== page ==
3. Luke's account does not mention the Magi appearing nor does Matthew's narrative reference the shepherds. While this does not rule out simultaneity, it certainly does little to support it.

[Cf. Hendriksen,Utley, Boice, Blomberg, although Hagner opines that Matthew "apparently does not know of the Lukan tradition"].

Amill-Presup said...

Dubious Greek in light of the context...

Again, the following is as conjecture-filled as your own three points, but I make no claim of anything except that we don't know when they arrived (and therefore, any depiction that could fit the text should be seen as valid).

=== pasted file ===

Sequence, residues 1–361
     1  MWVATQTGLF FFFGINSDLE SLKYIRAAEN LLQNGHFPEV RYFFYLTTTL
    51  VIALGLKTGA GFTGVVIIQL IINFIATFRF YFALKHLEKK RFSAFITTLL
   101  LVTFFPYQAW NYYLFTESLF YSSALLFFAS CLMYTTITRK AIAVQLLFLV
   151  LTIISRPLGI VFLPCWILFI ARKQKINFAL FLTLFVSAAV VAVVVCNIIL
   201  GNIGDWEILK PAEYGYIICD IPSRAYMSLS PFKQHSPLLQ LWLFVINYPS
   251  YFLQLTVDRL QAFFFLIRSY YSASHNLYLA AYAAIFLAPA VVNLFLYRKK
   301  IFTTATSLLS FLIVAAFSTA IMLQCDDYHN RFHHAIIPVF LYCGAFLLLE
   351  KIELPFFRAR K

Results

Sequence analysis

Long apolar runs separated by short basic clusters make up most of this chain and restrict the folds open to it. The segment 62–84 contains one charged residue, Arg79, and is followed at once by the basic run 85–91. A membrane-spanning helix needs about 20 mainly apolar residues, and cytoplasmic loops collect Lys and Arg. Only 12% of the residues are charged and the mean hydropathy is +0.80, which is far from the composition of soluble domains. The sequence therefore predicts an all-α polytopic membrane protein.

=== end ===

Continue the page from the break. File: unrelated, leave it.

1. κατάλυμα often denotes the "guest room" of a house in Semitic writings. Considering that Joseph had family in Bethlehem, it has been suggested that there was "no room" for a pregnant couple that were not yet formally married to stay in the guest room. Instead, they were relegated to the lower room where the animals were kept (usually within the house proper as well). Or else, because of the census, the stranger to whom Joseph went already had filled up the guest quarters of his house but, out of compassion, allowed Mary and Joseph to lay their heads in the warmth of the lower room. (I suppose this differs from the Nativity Story movie itself, but oh well). Either way, the Magi arrive at the oikia (a less specific term) in which Mary, Joseph, and the baby are sleeping. When my high school rock band was practicing in the garage, the police were sometimes dispatched to the house where we were playing (pesky noise ordinance). That doesn't mean the police caught up with us later on when we had left the garage and gone into the house, as the latter includes the former in its broader sense.